Likewise, a minimum term length exists – ranging from two years (Aviva and Irish Life) up to five years for the others.
Another is called Maximum Age at Entry Conversion, which sounds a bit like a course you might do to get more in touch with the world’s energies or some other bullshit.
All of this will likely seem unclear – and you probably think that none of it seems that important.
And honestly, for most people, you’d be right. However, there are about seven bits and pieces that are worth considering.
Remember, if you go with your bank here, you only see one side of the insurer’s pentagon. Not to be confused with a pentagram, which symbolises all the young wans in black running around in fields with crystals and casting spells.
We all have that one cousin.
So without further ado…
If you’re in perfect health, you can choose any insurer.
Truthfully, I rarely see an application that doesn’t have some health condition or family history of a health issue. In that case, choosing the insurer most sympathetic to your situation is the most important thing. Forget about the bells and whistles. Finding an insurer who will offer you coverage at the lowest price with the least hassle would be best.
That’s where we come in. We’re the experts if you have a pre-existing condition.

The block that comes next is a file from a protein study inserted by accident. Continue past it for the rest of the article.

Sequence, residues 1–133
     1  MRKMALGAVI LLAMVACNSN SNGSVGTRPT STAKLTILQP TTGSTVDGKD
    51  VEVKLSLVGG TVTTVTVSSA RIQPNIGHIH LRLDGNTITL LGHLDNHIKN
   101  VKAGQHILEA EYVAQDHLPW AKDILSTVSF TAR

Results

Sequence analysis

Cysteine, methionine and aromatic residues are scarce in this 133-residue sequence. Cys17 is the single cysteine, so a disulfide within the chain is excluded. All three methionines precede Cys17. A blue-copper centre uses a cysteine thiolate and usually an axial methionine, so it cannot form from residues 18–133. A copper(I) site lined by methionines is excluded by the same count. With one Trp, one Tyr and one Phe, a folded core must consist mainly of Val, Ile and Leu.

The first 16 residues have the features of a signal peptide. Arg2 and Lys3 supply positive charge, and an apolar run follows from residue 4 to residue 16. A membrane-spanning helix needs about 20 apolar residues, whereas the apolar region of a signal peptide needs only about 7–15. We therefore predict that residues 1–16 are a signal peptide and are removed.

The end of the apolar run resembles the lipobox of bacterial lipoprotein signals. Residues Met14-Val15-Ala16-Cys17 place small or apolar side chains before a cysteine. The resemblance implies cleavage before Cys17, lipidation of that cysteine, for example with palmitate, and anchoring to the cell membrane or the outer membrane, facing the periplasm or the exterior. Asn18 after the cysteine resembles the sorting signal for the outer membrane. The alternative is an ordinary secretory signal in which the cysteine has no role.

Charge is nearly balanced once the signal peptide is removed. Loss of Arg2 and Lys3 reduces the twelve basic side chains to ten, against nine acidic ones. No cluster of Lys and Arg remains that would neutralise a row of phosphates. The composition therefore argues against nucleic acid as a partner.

You should first complete this medical questionnaire so I can find you the most suitable insurer.
This little bad boy is the dirty secret of insurance. Most people end up with a joint policy, which pays out on the first death only. Dual Mortgage Protection pays out on both. That’s two payments. The bank would get the first payment to clear the mortgage; the second would go to your family.
It’s an excellent way of getting Life Insurance for cheap, basically.
If someone tries to peddle a joint policy – run, ar nós an gaoithe (like the wind, for my non-Irish speaking friends, which probably also includes most Irish people reading!)
A conversion option is fantastic.
There, I said it.
It’s great because it lets you add years to your cover without answering medical questions…which probably doesn’t make much sense on its own.